Catherine Toth Fox: Life Is Overwhelming So Take A Breath - And Get Help - Honolulu Civil Beat

About the Author

Catherine Toth Fox

Born and raised on Oahu, Catherine Toth Fox is an editor, writer, children’s book author, blogger and former journalism instructor. She is currently the editor at large for Hawaii Magazine and lives in Honolulu with her husband, son and two dogs. You can follow her on Instagram @catherinetothfox. Opinions are the author's own and do not necessarily reflect Civil Beat's views.

Opinion article badgeA few years ago, before the pandemic, I was attending a media tasting at a local restaurant and feeling uneasy about it. There were too many people, my dress didn’t fit right, the room felt stuffy.

I had a doctor’s appointment right after the event for an unusual sensation in my mouth, like I had rubbed hot chile peppers on my tongue, then drank a bottle of mouthwash. The pain was almost unbearable.

I was standing outside the restaurant when a friend of mine walked toward me. She looked concerned. “Are you OK?” she asked. “Yes,” I said, as I backed into a wall, holding my breath and hoping she would go away.

This wasn’t like me.

Suddenly, I was in tears. I ditched the event, drove to a parking garage and sat in my car and bawled for an hour. By the time I arrived at my doctor’s appointment, the internist took one look at me, closed the door and said, “You’re having a breakdown.”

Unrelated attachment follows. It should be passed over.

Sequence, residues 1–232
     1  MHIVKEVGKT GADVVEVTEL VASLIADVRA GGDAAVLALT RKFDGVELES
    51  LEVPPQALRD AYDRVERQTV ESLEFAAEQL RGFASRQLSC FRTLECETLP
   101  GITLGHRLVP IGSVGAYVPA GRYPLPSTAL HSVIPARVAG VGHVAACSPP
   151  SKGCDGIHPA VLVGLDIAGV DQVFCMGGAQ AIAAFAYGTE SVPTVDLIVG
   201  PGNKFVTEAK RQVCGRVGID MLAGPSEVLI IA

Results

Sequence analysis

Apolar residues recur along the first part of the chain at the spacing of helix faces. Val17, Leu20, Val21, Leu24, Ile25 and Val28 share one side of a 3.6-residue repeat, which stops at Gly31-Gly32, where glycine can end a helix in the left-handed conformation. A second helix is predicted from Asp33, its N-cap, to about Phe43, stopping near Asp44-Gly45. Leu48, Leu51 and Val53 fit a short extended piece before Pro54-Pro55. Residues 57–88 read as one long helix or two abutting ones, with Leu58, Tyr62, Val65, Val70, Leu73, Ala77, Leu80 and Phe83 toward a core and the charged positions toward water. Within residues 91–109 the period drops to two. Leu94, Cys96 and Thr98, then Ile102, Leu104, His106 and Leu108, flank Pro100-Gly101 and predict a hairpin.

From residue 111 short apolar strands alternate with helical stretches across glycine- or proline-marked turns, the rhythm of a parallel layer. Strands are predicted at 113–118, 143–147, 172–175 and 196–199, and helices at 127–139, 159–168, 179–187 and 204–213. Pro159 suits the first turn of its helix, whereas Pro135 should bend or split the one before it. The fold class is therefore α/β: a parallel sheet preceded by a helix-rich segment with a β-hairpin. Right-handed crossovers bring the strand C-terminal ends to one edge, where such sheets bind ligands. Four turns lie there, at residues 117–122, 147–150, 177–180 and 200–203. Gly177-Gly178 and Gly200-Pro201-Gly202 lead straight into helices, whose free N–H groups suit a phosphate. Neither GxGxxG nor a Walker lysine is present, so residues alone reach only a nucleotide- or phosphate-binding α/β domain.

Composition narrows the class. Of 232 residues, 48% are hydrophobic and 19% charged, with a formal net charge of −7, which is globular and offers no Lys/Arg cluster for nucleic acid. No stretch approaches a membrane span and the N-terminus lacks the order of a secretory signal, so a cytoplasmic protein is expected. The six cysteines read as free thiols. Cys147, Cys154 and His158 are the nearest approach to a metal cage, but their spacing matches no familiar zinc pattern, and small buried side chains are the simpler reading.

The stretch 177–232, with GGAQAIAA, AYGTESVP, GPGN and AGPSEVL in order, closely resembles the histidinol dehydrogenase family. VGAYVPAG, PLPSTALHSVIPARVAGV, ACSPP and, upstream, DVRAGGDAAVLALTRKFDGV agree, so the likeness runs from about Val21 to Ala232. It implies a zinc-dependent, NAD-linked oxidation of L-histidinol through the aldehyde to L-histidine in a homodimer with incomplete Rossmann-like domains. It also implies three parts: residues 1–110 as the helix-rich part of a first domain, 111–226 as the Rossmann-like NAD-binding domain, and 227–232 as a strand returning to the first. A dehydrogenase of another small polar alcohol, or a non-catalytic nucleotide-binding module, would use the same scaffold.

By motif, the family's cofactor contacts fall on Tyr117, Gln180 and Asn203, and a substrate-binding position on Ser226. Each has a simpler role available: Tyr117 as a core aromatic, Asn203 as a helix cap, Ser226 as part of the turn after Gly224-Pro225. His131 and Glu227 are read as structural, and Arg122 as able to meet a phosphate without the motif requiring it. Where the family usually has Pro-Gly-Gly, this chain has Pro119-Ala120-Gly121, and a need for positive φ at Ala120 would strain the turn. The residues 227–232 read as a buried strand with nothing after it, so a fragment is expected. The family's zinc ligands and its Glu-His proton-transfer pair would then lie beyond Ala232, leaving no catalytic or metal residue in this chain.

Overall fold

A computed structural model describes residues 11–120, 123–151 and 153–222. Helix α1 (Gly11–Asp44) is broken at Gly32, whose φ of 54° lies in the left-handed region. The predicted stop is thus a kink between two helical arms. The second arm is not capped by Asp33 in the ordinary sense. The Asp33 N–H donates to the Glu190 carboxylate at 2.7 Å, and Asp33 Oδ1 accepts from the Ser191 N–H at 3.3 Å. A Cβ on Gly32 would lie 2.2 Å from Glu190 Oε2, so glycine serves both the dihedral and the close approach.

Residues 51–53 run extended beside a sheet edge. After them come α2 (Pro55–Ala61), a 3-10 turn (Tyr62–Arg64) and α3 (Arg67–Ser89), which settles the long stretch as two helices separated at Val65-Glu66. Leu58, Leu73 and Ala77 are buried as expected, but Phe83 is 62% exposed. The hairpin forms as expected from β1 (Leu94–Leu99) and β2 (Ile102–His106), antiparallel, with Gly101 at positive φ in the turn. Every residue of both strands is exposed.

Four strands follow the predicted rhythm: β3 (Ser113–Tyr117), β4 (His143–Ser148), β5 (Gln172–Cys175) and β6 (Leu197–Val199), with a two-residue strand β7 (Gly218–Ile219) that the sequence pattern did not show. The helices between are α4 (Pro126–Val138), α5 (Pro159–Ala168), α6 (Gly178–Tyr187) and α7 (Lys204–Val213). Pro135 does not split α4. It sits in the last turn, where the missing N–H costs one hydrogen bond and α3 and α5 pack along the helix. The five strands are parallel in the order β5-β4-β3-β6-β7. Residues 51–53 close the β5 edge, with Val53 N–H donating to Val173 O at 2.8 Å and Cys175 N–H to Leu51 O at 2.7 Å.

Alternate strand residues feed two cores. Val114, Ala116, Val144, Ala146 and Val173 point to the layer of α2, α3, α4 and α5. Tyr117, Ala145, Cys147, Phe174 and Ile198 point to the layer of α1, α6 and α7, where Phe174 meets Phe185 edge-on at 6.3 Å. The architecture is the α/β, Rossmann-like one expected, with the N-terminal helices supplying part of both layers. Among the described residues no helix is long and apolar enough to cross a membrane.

Breakdowns don’t happen to me. Like many women, I’m a master juggler. Give me a task — seven, even! — and I’ll do them all, then bake homemade cinnamon rolls. I work two, sometimes three jobs, manage our household, take care of the bills, plan trips, volunteer, tend to my garden. I even make home lunch — by choice. My Google calendar is filled with meetings, deadlines, doctor’s appointments, birthday parties, soccer practices, swim lessons and Costco runs. I really, really don’t have time for a breakdown.

But here I was, in the midst of a mental health crisis that was likely the cause of my weird mouth issues, chronic headaches, ocular migraines, chest pains, trouble sleeping, stomachaches and a strange episode in a public bathroom that a neurologist likened to a seizure.

The doctor told me to stop working immediately — for months — and take care of myself.

“What does that mean?” I asked. Because I honestly didn’t know.